CA Fair Employment and Housing Council Issues New Workplace Regulations Regarding Criminal History and Transgender Rights

June 30, 2017

For Immediate Release

Regulations go into effect July 1 and also will cover gender non-conforming individuals

SACRAMENTO – Following a year-long process of public comment and input, new regulations related to employment discrimination implemented by the California Fair Housing and Employment Council (FEHC) will go into effect on July 1, 2017.

The first set of regulations issued by the FEHC relate to an employer’s use of criminal history information in employment decisions. These regulations specify certain types of criminal history information that employers are generally prohibited from considering. They also set forth information about the potential adverse impact of considering other forms of criminal convictions.

The Council’s second set of regulations relate to gender identity and gender expression discrimination in the workplace. These regulations provide updates to the definitions of “gender expression,” “gender identity,” “sex,” “sex stereotype,” and “transgender,” and also offer a definition of “transitioning.”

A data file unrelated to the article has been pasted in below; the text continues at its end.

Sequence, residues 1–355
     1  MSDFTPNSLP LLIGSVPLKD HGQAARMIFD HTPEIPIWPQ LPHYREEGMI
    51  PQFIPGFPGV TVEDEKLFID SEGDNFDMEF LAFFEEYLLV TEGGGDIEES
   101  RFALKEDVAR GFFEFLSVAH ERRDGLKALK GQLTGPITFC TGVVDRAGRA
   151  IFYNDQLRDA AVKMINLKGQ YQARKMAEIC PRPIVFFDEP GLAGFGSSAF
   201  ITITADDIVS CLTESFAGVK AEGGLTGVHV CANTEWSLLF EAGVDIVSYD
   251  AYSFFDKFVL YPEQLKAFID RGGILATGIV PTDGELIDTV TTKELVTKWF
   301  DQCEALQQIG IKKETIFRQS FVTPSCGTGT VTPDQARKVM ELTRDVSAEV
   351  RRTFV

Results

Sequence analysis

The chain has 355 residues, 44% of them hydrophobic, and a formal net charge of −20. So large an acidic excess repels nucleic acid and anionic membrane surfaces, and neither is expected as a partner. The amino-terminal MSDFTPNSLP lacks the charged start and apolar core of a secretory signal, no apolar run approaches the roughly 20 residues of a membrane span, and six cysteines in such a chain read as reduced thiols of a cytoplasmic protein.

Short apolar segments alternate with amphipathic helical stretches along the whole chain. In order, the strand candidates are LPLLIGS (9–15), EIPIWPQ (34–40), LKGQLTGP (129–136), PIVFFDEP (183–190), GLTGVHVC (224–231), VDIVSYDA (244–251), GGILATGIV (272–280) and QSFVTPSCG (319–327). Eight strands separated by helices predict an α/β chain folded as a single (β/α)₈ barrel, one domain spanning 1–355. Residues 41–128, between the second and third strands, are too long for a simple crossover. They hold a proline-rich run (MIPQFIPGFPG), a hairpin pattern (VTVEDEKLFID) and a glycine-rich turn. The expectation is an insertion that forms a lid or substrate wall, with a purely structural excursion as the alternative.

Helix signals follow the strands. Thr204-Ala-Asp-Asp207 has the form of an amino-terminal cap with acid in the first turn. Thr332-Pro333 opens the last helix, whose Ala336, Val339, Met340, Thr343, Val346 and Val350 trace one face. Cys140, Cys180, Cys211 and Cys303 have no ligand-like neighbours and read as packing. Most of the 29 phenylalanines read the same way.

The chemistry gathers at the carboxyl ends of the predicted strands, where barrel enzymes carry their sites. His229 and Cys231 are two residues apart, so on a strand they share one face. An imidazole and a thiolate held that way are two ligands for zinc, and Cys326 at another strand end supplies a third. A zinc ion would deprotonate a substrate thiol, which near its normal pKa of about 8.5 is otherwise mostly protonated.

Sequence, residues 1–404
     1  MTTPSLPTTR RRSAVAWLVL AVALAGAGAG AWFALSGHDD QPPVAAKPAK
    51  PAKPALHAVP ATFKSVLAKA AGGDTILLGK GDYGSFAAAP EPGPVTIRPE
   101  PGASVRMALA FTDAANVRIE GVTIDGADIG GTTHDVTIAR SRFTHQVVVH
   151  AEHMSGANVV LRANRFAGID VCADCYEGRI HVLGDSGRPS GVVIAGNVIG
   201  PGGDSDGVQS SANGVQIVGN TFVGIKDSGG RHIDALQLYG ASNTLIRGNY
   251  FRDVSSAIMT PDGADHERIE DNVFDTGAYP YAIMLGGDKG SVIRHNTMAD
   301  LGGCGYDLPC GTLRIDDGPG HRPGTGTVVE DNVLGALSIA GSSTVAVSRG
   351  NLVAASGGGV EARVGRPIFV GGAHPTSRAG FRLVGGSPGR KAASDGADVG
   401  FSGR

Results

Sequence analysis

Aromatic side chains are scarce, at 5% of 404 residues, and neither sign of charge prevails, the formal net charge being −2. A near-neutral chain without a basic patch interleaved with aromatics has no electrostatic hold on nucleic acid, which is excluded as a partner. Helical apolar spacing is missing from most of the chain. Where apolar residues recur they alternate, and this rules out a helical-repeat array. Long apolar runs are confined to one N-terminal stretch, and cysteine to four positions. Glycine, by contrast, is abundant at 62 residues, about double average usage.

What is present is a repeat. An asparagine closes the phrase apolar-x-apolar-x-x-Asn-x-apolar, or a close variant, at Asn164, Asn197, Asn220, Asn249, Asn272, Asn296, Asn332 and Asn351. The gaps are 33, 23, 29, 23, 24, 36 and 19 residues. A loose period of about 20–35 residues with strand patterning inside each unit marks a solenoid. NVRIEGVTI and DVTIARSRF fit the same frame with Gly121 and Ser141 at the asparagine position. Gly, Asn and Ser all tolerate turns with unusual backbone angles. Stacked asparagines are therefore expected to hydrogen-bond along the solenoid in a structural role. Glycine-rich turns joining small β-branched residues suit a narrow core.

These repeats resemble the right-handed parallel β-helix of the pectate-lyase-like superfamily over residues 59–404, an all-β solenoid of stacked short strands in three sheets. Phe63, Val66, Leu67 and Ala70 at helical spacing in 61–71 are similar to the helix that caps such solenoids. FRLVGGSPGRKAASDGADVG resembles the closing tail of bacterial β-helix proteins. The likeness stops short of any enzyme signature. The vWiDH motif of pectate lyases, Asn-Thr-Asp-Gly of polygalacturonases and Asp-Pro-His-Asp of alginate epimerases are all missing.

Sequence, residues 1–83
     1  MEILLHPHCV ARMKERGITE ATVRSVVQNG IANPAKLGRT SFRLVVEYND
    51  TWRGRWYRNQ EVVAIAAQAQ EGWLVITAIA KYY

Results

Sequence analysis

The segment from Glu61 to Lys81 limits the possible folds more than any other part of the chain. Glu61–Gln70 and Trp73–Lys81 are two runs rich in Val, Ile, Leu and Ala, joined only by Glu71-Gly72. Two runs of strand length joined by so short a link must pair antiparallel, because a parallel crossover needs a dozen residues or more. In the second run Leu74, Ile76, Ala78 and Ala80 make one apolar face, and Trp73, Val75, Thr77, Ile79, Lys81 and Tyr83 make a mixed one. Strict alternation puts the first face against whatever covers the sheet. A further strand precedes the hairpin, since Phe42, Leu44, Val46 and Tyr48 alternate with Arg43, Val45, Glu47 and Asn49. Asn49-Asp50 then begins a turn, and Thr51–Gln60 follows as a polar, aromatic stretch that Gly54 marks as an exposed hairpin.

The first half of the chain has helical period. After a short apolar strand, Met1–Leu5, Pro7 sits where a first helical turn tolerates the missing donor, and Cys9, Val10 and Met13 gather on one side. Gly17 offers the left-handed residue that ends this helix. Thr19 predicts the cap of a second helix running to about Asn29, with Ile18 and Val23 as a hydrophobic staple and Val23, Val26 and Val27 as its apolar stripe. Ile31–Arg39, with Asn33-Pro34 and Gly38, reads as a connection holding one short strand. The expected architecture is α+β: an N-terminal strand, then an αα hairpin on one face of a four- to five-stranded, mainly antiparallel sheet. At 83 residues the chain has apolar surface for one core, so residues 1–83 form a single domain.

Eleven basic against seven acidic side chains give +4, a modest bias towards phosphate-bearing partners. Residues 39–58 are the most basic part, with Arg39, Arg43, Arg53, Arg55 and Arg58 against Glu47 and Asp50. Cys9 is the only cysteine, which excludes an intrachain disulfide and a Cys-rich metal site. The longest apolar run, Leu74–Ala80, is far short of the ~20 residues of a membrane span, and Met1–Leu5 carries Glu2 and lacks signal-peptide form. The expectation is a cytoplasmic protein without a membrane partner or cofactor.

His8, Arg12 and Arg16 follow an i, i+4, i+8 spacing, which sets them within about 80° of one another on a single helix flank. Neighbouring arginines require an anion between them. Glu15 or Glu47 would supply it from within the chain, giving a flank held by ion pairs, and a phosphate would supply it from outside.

These regulations address key topics such as the rights of employees to use restrooms, locker rooms, and other similar facilities corresponding to their gender identity; to dress in accord with their gender identity and expression; and to be addressed by their preferred name and gender pronoun. They also provide additional clarity regarding the circumstances under which employers are permitted to collect information about employees’ genders, and/or use such information.

“These regulations address issues of increasing importance to Californians,” said Kevin Kish, Director of the California Department of Fair Employment and Housing (DFEH). “We encourage employers and employees alike to take note of the Council’s work in providing clarification and guidance in these areas of law.”


The California Civil Rights Department (CRD) is the state agency charged with enforcing California’s civil rights laws. CRD’s mission is to protect the people of California from unlawful discrimination in employment, housing, public accommodations, and state-funded programs and activities, and from hate violence and human trafficking. For more information, visit

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